We arrive on Earth. We do not choose when or where but are alive and surrounded by other invisible and visible forms of life, many of which are in our very DNA. Biophilia comes from the Greek word, ‘Philia,’ or Love of life and living things. The invisible forms of life include ecosystems we cannot see but whose complex cycles and processes are the basis for our life on Earth. Look at Universal Scales to 'see’ forms of life that are invisible or watch the Scales of the Universe to better understand what is too small for us to see but yet, powerfully part of the reason we are living. Amazingly, the invisible forms of life outnumber all the species of plants, animals, and insects combined! We hear, see, touch, feel, taste, and sense the world around us. We only need to look, listen, observe, document, and connect. Humans are part of nature, and today, more than ever, they need to be in contact with and take care of the natural world.
Activity 1 – Biophilic Pioneers
Human civilization generated Naturalist Philosophers from the beginning of recorded time. Indigenous, Chinese, Indian, African, European, American, etc. all connected with the eco systems of nature in affiliating improved life for people. Thales, form Ionia, in the 7th century BCE is credited as the first Naturalist and grandfather of Naturalism. Look at the History of Naturalists and make a time chart of key contributors from ancient times to the present. In the recent past, Aldo Leopold wrote
The Sand County Almanac, about the biodiversity of life month by month during the calendar year. E.O. Wilson, Founder of the Half-Earth Project, was interested in ants as a young boy. He constantly studied how they lived, collaborated, and worked! His book, Biophilia, explains why connecting to ants changed his life. Another scientist/environmentalist, Dr. Jane Goodall, lived in the Tanzanian Jungle studying chimpanzees and their communities. Others, Like Jacques Cousteau and Phillipe Cousteau and [Wyland]( study marine life and ecosystems.
Deyrolle published a French Encyclopedia of life forms. Later Audobon would record the beauty and diversity of bird types. Aldo Leopold wrote The Sand County Almanac, carefully writing about the biodiversity of life month by month during the calendar year. E.O. Wilson, [Founder of the Half-Earth Project](was interested in ants as a young boy. He constantly studied how they lived, collaborated, and worked! In his book, Biophilia, he explains why connecting to ants changed his life. Another scientist/environmentalist, Dr. Jane Goodall, lived in the Tanzanian Jungle studying chimpanzees and their communities. Others like Jacques Cousteau and Wyland study marine life and ecosystems. Visit the 22 Scientists.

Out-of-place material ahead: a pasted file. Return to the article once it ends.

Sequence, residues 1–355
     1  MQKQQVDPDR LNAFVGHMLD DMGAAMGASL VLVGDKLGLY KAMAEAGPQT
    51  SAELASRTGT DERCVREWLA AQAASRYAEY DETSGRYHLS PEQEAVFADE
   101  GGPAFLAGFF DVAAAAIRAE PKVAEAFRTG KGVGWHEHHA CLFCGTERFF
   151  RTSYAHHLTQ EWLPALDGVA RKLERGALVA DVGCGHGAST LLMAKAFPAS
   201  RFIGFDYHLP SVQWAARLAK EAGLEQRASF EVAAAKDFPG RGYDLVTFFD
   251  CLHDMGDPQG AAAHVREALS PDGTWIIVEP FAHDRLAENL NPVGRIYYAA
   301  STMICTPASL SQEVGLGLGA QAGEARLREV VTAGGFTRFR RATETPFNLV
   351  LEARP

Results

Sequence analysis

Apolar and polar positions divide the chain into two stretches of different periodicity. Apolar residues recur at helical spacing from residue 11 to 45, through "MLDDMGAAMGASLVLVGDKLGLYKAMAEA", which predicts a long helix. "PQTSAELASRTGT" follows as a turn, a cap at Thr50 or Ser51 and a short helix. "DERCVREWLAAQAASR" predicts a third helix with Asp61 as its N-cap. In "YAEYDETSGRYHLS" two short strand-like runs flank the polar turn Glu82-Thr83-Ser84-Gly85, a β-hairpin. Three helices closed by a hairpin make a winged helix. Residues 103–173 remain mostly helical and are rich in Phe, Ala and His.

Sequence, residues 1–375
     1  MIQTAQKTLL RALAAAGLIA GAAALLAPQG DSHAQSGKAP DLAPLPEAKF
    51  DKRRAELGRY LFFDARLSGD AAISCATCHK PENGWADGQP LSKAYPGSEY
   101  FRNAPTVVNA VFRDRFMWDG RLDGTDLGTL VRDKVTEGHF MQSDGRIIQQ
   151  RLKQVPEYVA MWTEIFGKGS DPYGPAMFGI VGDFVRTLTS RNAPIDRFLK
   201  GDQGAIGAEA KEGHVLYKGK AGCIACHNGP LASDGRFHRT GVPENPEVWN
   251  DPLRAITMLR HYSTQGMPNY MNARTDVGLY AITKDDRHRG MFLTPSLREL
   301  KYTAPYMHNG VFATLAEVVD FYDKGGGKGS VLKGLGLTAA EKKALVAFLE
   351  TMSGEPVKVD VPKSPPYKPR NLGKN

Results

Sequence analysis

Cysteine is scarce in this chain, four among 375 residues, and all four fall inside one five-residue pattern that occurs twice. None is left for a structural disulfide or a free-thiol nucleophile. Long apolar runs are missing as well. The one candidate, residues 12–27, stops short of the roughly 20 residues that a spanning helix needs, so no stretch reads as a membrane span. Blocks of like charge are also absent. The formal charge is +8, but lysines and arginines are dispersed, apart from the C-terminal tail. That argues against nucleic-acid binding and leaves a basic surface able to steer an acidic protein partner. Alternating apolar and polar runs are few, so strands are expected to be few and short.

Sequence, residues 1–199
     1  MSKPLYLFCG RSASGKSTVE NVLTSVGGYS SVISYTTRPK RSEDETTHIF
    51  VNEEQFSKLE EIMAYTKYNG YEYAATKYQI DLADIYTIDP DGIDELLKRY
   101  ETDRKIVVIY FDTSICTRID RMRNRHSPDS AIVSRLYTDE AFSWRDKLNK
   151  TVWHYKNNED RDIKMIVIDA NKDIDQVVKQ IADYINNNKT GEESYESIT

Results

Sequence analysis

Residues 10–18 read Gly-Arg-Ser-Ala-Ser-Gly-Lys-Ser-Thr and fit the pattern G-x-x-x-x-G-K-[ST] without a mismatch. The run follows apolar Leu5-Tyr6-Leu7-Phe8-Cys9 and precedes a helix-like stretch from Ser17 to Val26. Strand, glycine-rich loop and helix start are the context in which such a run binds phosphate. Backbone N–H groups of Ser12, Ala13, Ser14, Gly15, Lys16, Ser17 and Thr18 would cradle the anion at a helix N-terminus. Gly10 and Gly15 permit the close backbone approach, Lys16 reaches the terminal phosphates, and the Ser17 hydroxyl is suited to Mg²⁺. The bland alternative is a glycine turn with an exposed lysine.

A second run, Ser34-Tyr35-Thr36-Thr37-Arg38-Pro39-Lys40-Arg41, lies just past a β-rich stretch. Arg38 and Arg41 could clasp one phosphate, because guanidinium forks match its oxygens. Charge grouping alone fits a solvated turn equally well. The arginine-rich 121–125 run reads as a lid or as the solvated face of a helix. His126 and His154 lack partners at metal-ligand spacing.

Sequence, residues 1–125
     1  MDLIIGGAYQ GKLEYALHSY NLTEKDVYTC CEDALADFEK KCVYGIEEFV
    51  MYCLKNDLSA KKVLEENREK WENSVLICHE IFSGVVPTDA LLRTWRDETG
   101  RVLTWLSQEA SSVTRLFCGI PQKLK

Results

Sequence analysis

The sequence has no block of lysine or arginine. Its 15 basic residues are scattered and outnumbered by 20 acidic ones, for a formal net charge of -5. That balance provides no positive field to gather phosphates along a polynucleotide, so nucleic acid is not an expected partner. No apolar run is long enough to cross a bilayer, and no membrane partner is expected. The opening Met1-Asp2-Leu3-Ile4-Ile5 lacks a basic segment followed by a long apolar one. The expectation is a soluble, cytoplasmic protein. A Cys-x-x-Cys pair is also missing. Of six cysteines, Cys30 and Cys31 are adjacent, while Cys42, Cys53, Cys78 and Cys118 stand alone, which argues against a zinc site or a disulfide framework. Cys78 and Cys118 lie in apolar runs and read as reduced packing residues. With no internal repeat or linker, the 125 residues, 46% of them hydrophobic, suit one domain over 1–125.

Make a timeline of key naturalists through the century.
Activity 2 – Spend Time in Nature
We, humans, are alive, and we live in a world full of incredible and always-evolving forms of life. How well do we know other life forms? How do we connect with them? How do we coexist with them? Biophilia is a term that describes our affinity for and association with life in all of its forms.
Find a place in your community that is surrounded by nature. It could be a nature preserve, a park, or a river edge. Collect your supplies- a camera, pencils, sketchbook, etc. and find a place to sit without interruption. Visit this site at different times of the day, as the presence of wildlife will vary from morning to noon to late afternoon. Add your nature notes and drawings to your journal. Think about spending more time in and with nature.
Draw, photograph, and take notes on what you see at three different times of the day.
Activity 3 – Listen for Life
Wherever you are, close your eyes and listen. Once you get past the sound of your body, let your ears reach out in other directions. What do you hear? Can you hear non-human life forms? Who makes sounds? What sounds do they make? Listen to the movement of leaves on trees, breezes through a pine forest, ripple or roar of a water wave, the flow of a river, and life in a wetland. The study of Acoustic Ecology is an exercise in opening our ears to life around us. Look at NEXT.cc SOUND, SOUND MAPPING, SOUND SCAPES to expand listening from wherever you are. Draw a picture of your ear and non-human things that you hear. We must be quiet to learn to listen. Listening puts us in the background as we reach out with our senses to absorb the world around us.
Make a word map of the sounds that you hear around you.Upload it to the gallery!
Activity 4 – Look Down for Life
Study how things coexist and affect the characteristics of the soil.
It might be a ground cover of small or large leaves. You might find violets and clover, sedges and grasses. Look at all the different plant types, grasses, bushes, flowers, and trees. Make drawings or take pictures of everything you see and label them. Then dig a little area in the ground. What do you find? Are there worms, ants, insects, or roots? Document them all! Observe your ground patch for the on-top-of-the-earth activity of animals. Squirrels, chipmunks, bunny rabbits, and birds are common land animals in the Midwest. Complete your drawing with the above-ground biodiversity, on-the-ground, and below-the-ground circle of life.